On Wednesday the North Dakota Industrial Commission decided not to intervene in the oil market. This was the outcome analysts expected after states like Texas and Oklahoma voted against enforced production curtailment.
During the oil waste hearing, Continental Resources urged commissioners to help individual producers curtail efficiently. They argued that current production exceeds reasonable market demand and therefore qualifies as ‘economic waste.’
Several organizations pushed back and asked regulators not to intervene. Representatives from API, North Dakota Petroleum Council and North Dakota’s Department of Public Lands testified against declaring mandated curtailments and asked the Commission to allow market forces to have their effect.
STATE INDUSTRY REACTS TO MARKET
In North Dakota, a third of the state’s production has been shut in due to the significant reduction in oil demand and lower prices. Current output is estimated at 950,000 barrels per day, a drop of nearly half a million barrels per day since February. Market turmoil has driven oil production activity from 25 fracking crews and 55 rigs to one fracking crew and 12 rigs.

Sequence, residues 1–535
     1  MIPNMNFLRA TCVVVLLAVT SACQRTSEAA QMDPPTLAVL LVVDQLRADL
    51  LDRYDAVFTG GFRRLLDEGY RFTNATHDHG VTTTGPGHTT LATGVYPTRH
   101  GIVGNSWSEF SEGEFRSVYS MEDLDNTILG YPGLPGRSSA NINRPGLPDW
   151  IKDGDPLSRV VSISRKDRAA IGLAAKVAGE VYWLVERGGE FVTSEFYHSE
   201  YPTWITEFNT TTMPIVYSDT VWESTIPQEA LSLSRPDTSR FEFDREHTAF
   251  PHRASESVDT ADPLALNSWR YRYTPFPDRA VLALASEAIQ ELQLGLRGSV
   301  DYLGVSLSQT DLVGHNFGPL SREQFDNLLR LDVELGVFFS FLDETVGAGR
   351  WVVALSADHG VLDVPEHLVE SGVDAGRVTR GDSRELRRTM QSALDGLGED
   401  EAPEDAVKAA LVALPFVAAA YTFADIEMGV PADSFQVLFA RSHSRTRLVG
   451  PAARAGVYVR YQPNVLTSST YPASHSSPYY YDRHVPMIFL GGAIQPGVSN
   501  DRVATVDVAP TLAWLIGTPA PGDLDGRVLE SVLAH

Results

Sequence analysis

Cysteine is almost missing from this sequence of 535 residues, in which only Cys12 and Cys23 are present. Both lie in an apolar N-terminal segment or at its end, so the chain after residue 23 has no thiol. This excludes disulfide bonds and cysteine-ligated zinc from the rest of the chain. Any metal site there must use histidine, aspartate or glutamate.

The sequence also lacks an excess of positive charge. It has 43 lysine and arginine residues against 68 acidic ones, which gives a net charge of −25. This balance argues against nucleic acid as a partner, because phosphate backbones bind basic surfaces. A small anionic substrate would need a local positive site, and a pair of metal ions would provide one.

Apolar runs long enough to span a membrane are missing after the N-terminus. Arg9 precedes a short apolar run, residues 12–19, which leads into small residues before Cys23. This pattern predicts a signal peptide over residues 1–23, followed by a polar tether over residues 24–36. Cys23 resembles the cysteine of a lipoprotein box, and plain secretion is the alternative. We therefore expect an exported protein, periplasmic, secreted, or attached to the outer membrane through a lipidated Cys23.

The state has implemented measures to facilitate restarting wells and drilling programs once market conditions stabilize. In late March the state created a waiver to assist producers by allowing wells to remain in non-completed or inactive status longer than regulations normally allow. The waiver expires when crude oil prices (WTI) exceed $50 per barrel for 90 days.
North Dakota has also sought collaboration from state offices and subject matter experts to create the Bakken Restart Task Force. The report gives an overview of current oil and gas production and focuses on regulatory relief, economic stimulus and proposals to restart the Bakken.